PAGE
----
Huh? What’s the third wave of the web…?
I’ve been reading a lot lately about ‘the third wave of the web’, which we’re apparently only just entering. You might have noticed it perhaps, crashing over the publishing world like a tidal wave?! Unstoppable, it’s left behind it a trail of bankrupt bookshops and readers on Twitter/Facebook/online forums endlessly discussing which e-book readers they should buy – an iPad, a Kindle, a Kobo, a Nook or some other brand? I haven’t bought one yet, but I will, because I know I’ll soon have little choice… Steve Tappin and Andrew Cave have told me where we’re heading in their 2010 edition of “The New Secrets of CEOs: 200 Global Chief Executives on Leading”, and I believe them. “In the next decade,” they say, “the business world will change on an unprecedented scale.” Mark Clare, chief executive of Barratt Developments, agrees:
“The next five years will see a faster rate of change in consumer behaviour than ever before. What took 50 years will take 5.”
In Tappin and Cave’s forward-thinking section “Surfing the Third Wave of the Web”, Mark Parker, chief executive of Nike USA (whose website already allows consumers to create their own shoes!), says that ‘the third wave of the web’ will enable:
“a fundamental shift in power that really is giving the power to the consumer to engage, connect, and create and to do so on a scale never seen before. That’s going to have so much ripple effect in ways we don’t know.”
So what exactly is this ‘third wave of the web’, and what were the preceding two waves? According to Tappin and Cave, ‘Wave 1’ consisted of businesses establishing a web presence and opening for e-commerce, it was useful to some of the population, and we used dial-up to access it. ‘Wave 2’ involved optimizing the web as a way of connecting people, it was important to most people’s lives, and we used broadband to access it. But we are now entering ‘Wave 3’, in which users live between the real world, the internet and a wide range of virtual worlds, it is accessible everywhere on mobile devices via wireless broadband, and it’s becoming indispensable.
“Tomorrow’s adults,” say Tappin and Cave, “will take the internet and mobile telecoms for granted.” Well, it’s not tomorrow yet and I already do! Australia is a vast country that’s a great distance from anywhere (see my previous post “What Makes Australian Authors Tick?”). So author podcasts, e-books, the ‘community picnic’ that is Twitter, Facebook, GoodReads, StumbleUpon and blogs like this one are a vital way of staying in touch with fans, as well as sharing information with fellow writers. I still splash out on printed books, and I like to sit and read them in natural daylight, but that’s getting to be more of an expensive treat. Plus, the internet can simply offer more – more value, more experiences, more access.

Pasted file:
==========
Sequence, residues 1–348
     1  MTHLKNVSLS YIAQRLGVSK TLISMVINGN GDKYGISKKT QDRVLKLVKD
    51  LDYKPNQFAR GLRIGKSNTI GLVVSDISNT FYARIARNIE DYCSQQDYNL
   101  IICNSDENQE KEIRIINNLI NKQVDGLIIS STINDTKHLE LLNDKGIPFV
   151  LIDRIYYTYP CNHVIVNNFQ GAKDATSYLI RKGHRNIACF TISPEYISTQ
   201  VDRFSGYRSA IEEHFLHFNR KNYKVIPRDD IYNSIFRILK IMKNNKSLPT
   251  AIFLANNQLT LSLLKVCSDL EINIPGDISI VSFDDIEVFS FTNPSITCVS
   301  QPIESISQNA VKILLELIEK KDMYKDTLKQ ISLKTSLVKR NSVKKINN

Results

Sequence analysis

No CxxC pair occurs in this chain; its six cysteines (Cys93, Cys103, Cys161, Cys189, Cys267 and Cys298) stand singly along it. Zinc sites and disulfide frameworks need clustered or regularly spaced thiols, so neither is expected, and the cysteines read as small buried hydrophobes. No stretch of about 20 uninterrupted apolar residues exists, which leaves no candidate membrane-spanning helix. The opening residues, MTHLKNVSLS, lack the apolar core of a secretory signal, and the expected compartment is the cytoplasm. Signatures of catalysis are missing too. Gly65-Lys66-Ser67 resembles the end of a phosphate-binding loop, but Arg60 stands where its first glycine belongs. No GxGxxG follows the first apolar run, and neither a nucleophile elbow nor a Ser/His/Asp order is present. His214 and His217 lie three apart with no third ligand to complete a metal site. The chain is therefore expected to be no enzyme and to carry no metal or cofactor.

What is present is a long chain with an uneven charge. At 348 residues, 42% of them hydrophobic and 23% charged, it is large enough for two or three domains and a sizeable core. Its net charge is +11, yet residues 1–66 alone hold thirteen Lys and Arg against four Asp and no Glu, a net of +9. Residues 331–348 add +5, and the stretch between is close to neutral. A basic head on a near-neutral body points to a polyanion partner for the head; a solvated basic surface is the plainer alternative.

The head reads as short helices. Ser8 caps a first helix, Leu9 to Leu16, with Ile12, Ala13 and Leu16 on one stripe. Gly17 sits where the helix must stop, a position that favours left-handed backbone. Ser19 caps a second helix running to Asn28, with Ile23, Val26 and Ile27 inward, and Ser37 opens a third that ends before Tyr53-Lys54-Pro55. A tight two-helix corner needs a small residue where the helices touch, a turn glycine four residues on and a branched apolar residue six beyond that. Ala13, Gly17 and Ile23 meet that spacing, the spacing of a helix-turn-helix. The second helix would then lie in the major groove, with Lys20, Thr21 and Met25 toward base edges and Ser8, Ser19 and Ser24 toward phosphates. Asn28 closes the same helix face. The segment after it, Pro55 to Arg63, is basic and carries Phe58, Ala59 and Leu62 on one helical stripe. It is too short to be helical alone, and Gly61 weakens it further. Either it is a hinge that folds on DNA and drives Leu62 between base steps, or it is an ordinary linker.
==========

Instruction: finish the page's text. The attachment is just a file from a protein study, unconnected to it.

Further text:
For instance, did you know that there’s an iPad application now that allows you to highlight passages in e-books and comment on them? Your comments will then be visible to those reading the same book. The application is called *openmargin and it was launched in late April 2011 at the “The Next Web Conference” in The Netherlands (watch the demo here). It’s not in the stores yet, but soon it will be transforming the way readers engage with each other, as well as possibly with authors and celebrity readers. What reader will be able to resist?
Initiatives like J.K. Rowling’s new “Pottermore” website have fans in a flurry of excitement and authors (myself included) thinking about what kind of interactive and e-publishing experiences we might be able to offer fans. Published stories and positive reviews aren’t the end-game anymore. So I have my eye on the shoreline and I’m watching for the next set of waves over which I might need to paddle. Most of you reading this blog are probably right alongside me, engaged in the social media of your choice and waiting to see what the next surge in technological advancement will bring us. But you’ll also have plenty of friends and colleagues who aren’t being as watchful, they might not even have a web presence yet! Is it because they don’t need one or because they prefer to adapt to progress gradually, in case they back the wrong passing fad?
Perhaps they also resisted CDs when they took over from cassettes, DVDs from videocassettes and pen drives from floppy disks? The problem is, if they haven’t even entered ‘Wave 1’ of the web yet (and really should), what’s going happen to them when ‘Wave 4’ begins to swell? Will they be able to catch up, or will they be too close to the break and sink? Perhaps if you tell them about the waves of the internet, and how indispensable the internet is becoming, they can act now, before it crashes over them like an unstoppable tidal wave? Go on, throw them a line.